More climate sausage

I shrink the Paris Climate Agreement to readability.

Follow-up to my post on the Paris climate agreement.

To help you out – and to check for myself whether I hadn’t got the whole thing wrong – I’ve had a go at redrafting the Vice-Chairs’ non-draft in their non-paper, shrinking all options to one. It’s now comprehensible and of reasonable length (11 pages). Link to downloadable version.

The selection was entirely personal and has 0 promises of votes. I just took whichever option that seemed strongest, clearest or shortest. So what you have is in the top decile of the large universe of possible texts that could emerge from the drafts on the table. The outcome will almost certainly be worse than the King James Version: fuzzier, weaker, and more confused. But it probably won’t be that much worse.

For the most part, I resisted the professional bureaucrat’s temptation to improve. In three cases, explained in the intro, I thought it was essential. My changes (not selections) are marked in red.

Given a free hand, I could clean it up and cut it down a lot more. Dream on.

With any known make of pen, snarled Mitty, I could have redrafted the treaty at 1000 miles to six pages with my left hand.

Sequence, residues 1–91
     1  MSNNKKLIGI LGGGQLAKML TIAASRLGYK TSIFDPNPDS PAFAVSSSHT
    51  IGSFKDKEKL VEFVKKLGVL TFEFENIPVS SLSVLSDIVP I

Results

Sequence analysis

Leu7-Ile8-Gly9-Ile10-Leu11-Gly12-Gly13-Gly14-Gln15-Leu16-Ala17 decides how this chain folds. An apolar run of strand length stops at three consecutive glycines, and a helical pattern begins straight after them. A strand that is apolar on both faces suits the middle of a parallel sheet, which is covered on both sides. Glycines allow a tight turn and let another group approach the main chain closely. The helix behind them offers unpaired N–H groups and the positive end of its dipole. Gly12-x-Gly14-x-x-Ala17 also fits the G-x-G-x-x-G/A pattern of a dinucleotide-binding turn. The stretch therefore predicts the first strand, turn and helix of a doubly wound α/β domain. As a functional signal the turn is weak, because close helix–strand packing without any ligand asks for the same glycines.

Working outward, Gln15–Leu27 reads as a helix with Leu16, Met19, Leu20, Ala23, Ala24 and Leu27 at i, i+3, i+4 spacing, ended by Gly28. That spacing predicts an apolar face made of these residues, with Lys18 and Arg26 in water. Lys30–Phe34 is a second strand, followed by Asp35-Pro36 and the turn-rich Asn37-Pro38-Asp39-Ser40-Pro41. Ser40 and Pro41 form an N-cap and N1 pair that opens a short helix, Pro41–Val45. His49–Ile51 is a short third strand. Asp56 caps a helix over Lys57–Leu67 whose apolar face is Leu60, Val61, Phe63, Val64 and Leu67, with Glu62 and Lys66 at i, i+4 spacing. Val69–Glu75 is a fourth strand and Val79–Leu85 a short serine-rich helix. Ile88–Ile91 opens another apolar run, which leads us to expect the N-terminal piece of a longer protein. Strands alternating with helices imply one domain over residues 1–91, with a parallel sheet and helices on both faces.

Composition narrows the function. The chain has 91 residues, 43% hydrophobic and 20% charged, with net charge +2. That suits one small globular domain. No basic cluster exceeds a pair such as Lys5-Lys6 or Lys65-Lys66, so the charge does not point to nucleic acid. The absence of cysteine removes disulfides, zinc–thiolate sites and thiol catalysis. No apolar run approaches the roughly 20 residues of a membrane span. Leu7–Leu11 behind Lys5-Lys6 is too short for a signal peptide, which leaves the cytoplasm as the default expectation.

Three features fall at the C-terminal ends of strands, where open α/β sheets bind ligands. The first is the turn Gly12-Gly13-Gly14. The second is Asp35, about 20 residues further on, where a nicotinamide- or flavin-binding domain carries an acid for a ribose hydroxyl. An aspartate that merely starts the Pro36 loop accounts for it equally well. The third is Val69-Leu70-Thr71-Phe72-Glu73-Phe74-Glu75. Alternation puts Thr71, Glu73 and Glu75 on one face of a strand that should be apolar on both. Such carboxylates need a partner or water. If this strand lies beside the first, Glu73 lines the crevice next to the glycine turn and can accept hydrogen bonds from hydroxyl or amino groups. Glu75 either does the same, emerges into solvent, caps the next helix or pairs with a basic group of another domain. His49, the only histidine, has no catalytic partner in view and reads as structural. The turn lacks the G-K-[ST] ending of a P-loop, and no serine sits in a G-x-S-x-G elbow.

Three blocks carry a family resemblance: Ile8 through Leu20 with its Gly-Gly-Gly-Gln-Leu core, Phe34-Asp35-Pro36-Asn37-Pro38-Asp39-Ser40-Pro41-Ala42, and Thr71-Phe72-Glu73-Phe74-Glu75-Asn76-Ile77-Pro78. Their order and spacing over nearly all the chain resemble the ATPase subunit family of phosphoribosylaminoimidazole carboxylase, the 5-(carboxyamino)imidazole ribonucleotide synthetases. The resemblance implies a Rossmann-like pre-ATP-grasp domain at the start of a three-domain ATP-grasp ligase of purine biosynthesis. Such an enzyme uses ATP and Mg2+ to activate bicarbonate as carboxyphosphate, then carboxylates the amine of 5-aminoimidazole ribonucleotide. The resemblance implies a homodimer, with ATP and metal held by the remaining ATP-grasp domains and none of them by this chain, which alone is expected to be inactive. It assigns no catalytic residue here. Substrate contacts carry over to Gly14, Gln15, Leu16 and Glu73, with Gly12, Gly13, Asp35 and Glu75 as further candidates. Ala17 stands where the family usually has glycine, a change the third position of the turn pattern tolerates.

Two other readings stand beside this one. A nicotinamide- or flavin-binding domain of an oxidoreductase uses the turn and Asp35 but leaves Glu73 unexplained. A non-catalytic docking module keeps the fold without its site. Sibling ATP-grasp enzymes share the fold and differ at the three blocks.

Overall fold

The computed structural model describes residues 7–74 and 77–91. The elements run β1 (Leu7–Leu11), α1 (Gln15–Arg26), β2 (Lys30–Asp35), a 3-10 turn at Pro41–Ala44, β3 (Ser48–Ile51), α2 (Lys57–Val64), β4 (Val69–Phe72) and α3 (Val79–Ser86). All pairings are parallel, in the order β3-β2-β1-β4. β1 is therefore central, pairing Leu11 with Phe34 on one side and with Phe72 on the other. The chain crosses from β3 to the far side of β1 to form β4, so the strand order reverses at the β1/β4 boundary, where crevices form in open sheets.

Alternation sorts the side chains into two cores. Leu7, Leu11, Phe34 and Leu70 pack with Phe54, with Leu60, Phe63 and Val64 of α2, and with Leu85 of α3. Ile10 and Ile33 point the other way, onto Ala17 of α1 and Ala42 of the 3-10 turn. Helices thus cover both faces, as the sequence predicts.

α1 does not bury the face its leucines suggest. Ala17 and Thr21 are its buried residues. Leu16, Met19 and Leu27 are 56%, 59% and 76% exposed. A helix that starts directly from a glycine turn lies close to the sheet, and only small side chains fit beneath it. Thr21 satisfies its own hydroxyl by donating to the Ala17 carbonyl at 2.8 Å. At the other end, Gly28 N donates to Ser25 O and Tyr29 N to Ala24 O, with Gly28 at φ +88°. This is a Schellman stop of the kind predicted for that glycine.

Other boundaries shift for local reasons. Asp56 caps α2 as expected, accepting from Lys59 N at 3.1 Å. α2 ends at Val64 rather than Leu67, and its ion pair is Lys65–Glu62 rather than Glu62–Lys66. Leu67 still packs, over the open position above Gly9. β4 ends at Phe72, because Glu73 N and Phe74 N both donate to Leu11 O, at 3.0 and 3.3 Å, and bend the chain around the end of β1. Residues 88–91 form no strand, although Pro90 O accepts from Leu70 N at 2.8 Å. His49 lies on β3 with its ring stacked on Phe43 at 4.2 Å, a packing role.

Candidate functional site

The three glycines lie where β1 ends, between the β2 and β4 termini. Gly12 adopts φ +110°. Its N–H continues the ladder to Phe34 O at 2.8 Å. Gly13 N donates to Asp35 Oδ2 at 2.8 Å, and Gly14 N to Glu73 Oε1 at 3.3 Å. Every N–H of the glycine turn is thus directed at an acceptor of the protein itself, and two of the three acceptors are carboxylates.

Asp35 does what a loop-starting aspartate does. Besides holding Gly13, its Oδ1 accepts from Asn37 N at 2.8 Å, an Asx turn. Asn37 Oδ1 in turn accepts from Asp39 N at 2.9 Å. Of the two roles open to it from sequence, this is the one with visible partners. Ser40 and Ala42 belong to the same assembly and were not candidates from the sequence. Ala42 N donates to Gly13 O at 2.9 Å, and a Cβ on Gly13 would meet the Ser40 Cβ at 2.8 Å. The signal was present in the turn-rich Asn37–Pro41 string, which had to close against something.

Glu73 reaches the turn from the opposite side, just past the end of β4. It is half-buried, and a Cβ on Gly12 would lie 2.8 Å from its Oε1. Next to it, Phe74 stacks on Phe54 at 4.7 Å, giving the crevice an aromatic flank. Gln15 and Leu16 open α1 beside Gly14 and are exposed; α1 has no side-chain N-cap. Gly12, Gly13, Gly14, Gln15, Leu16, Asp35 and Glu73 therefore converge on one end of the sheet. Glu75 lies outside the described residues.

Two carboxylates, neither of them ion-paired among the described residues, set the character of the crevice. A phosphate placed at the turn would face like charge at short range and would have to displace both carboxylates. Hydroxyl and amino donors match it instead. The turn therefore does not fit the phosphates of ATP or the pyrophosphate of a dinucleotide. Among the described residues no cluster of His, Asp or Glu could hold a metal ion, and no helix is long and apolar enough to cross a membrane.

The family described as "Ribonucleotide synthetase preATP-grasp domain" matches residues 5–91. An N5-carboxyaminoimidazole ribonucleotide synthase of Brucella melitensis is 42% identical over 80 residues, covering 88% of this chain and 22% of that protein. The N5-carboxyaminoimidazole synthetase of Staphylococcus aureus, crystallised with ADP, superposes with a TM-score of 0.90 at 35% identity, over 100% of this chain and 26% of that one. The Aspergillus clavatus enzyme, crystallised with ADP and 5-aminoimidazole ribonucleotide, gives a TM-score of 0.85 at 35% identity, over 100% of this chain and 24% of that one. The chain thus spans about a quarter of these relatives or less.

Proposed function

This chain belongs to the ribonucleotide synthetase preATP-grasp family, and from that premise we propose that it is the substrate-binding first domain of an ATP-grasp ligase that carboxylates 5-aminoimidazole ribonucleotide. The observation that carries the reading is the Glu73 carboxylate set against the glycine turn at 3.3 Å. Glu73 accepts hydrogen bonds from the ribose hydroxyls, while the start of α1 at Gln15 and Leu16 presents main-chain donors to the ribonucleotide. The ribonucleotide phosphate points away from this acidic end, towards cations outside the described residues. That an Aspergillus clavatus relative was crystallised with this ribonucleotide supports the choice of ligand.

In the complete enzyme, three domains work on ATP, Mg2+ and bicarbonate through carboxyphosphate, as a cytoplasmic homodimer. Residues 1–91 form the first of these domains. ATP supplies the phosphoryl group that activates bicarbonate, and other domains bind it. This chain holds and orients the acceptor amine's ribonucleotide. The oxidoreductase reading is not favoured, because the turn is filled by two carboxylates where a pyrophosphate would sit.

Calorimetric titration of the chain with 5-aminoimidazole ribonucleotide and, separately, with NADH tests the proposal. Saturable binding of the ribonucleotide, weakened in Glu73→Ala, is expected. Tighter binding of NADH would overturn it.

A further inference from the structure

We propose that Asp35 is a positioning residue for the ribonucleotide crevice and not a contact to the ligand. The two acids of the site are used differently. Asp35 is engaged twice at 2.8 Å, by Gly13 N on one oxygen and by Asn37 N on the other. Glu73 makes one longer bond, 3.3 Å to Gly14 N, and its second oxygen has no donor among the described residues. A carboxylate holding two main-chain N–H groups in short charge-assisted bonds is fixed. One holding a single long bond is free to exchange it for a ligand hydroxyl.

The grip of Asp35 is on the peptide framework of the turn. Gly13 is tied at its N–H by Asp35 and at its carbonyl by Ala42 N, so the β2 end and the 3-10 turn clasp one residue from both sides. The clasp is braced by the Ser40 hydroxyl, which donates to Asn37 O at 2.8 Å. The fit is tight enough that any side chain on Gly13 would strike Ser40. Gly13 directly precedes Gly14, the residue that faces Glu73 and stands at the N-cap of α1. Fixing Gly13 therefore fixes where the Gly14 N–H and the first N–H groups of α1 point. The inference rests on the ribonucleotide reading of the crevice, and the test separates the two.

Postscript 30 July

In hopes of stimulating some reaction, here are my drafts of Articles 2 and 3, to compare with the extracts of the real working document I cited in the previous post:

The objective of this agreement is to further enhance the full, effective and sustained implementation of the Convention in order to achieve the stabilization of greenhouse gas concentrations in the atmosphere at a level that would prevent dangerous anthropogenic interference with the climate system. Such a level should be achieved within a time frame sufficient to allow ecosystems to adapt naturally to climate change, to ensure that food production is not threatened and to enable economic development to proceed in a sustainable manner. To these ends, all Parties will strive to achieve net zero greenhouse gas emissions and maintain and increase resilience to the adverse effects of climate change.

All Parties, in accordance with Article 4 of the Convention and their common but differentiated responsibilities and respective capabilities shall make individual efforts and cooperate with a view to achieving long-term emission reductions and stabilizing greenhouse gas (GHG) concentrations in the atmosphere at a level that would prevent dangerous anthropogenic interference with the climate system, consistent with holding the increase in global average temperature below 2 °C or 1.5 °C above pre-industrial levels. Developed country Parties shall take the lead by undertaking ambitious emission reductions and Parties included in annex [Y] shall provide finance, technology and capacity-building support to developing country Parties.

I move the 1.5 degree cap to Article 7, “Ambition”, as an aspiration subject to review.

Author: James Wimberley